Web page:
Can surgery lead to cognitive problems?
QUESTION: I recently had knee-replacement surgery and I just don’t feel like myself. I’m a retired school principal and I used to have an excellent memory. Now I struggle to remember the simplest things—even my husband’s name. I am slowly getting better, but it has been very frustrating and frightening. My doctor said I could be suffering a side effect from the anesthetic or the operation. Is this a common problem after surgery?
ANSWER: Doctors have long assumed that patients return to normal once the anesthetic wears off. But in recent years, a growing body of research suggests that some people experience lingering cognitive impairment after being wheeled out of the operating room.
“We now know that between 10 and 20 percent of patients will have problems at the time they are discharged from hospital,” says Dr. Beverley Orser, an anesthesiologist at Sunnybrook Health Sciences Centre.
“And one in 10 of those affected will still have problems three to six months later. What happens at the one-year mark is still debated,” she says, adding that some may never fully recover.
The cognitive impairment seems to affect memory, word-finding and attention as well as certain “executive functions” of the brain such as decision-making and problem-solving.
In some patients, the effects can be very subtle. They may not feel mentally impaired, although family members may notice a difference in their memory or behaviour.
Experts believe the anesthetic drugs used to induce an unconscious state—so patients don’t feel pain or remember the surgery—may be partly responsible for the cognitive changes.
But the biggest contributor to the mental deficits, known as post-operative cognitive dysfunction (POCD), might be the operation itself.
“Surgery is not a natural thing and the body goes into a high state of alert,” says Dr. Roderic Eckenhoff, vice-chair of research in the department of anesthesiology and critical care at the University of Pennsylvania in Philadelphia.
In particular, he adds, the immune system unleashes a cascade of cells that produce an inflammatory response, which continues to ramp up in intensity several days after the operation.
The brains of older patients and those with complex medical conditions appear to be especially vulnerable to this inflammatory assault.
“For people with existing mild cognitive impairment, the surgery may be tipping them over the edge,” says Dr. Orser, who is also chair of the department of anesthesia at the University of Toronto and co-chair of Sunnybrook’s Perioperative Brain Health Centre.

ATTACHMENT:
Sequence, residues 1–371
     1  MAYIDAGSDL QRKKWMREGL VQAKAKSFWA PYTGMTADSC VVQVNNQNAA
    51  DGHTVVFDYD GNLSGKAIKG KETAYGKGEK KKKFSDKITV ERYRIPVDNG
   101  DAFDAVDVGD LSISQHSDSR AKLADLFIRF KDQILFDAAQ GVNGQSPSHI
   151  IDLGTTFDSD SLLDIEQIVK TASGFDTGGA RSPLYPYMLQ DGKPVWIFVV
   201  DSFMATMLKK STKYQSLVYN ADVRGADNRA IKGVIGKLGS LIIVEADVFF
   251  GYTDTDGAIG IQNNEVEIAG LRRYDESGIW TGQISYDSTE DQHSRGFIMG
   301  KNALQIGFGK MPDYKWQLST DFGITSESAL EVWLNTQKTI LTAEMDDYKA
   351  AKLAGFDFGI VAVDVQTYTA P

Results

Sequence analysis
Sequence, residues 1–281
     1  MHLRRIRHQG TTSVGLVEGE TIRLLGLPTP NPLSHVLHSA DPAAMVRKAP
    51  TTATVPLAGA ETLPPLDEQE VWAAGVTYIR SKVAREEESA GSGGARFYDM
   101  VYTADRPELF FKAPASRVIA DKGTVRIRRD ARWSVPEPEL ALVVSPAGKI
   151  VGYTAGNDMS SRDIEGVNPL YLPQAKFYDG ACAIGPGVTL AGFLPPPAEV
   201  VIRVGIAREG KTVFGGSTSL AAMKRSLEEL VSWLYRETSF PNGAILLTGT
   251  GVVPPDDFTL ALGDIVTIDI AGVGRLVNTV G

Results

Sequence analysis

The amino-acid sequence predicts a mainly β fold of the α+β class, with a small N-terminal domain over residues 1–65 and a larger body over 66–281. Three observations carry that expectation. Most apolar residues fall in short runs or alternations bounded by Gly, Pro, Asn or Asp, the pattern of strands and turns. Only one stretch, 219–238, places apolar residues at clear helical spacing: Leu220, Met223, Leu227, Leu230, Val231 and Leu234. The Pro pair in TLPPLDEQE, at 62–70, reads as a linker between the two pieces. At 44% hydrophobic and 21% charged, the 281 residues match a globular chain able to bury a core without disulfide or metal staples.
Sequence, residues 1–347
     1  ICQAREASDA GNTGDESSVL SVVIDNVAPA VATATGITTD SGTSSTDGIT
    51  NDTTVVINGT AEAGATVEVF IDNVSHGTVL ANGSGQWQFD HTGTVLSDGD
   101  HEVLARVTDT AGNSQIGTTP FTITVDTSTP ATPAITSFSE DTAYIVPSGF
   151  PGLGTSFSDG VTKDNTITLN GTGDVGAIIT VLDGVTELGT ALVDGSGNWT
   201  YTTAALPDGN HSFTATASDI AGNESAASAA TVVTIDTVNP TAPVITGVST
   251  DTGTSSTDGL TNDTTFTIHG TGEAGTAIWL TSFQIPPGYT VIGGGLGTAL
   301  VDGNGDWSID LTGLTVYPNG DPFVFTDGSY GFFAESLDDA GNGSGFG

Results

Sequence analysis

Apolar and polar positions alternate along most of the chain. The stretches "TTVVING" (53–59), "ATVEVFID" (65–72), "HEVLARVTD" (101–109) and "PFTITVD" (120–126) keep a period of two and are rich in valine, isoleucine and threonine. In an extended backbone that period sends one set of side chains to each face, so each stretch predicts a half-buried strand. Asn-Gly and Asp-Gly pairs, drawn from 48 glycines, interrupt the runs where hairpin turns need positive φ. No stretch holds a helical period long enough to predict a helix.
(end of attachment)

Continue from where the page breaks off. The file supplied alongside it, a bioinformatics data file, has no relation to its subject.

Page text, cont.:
Researchers are looking for ways to reduce the risks of POCD. For instance, they are studying whether certain drugs that are given to surgical patients may have fewer negative effects than others. As well, in some cases, a local nerve block can be used to ease pain without the need for a full anesthetic.
“With a nerve block, you recover faster from the anesthetic because you get less of the drug,” says Dr. Stephen Choi, a Sunnybrook anesthesiologist and an assistant professor at the University of Toronto.
Even so, it’s not clear that the use of a nerve block actually protects the brain from cognitive impairment. The powerful effects of post-surgical inflammation may simply overwhelm the brains of some patients.
Researchers agree that there are gaps in their knowledge of POCD and they can’t identify with certainty which patients will run into problems. Although seniors tend to be at an elevated risk of post-surgery memory lapses, some do just fine.
To better understand the condition, Dr. Choi is leading a study in which patients’ mental faculties are assessed both before and after surgery using tablet-based card games which are less time-consuming and labour intensive than traditional cognitive tests.
So, what are patients and health-care providers supposed to do while researchers probe for solutions?
Good post-operative nursing care is probably the best prevention strategy for all patients, says Dr. Eckenhoff. That means making sure patients resume a normal routine as soon as possible. “If they use glasses or hearing aids, they should get them back quickly so they can reorient themselves,” he says.
Returning to a natural sleep cycle is also critically important, he adds. “Poor sleep hygiene is thought to translate to a greater degree of inflammation of the brain.”
Dr. Choi says patients should at least be aware they might feel off kilter after an operation.
But he stresses that the risk of possible cognitive impairment is not a good enough reason to forgo an operation.
After all, the goal of most surgeries is to improve a patient’s quality of life or even extend life. Those benefits will likely outweigh any possible memory deficits—whether short or long term.
Sunnybrook’s Patient Navigation Advisor provides advice and answers questions from patients and their families. This article was originally published on Sunnybrook’s Your Health Matters, and it is reprinted on Healthy Debate with permission. Follow Paul on Twitter @epaultaylor.
If you have a question about your doctor, hospital or how to navigate the health care system, email AskPaul@Sunnybrook.ca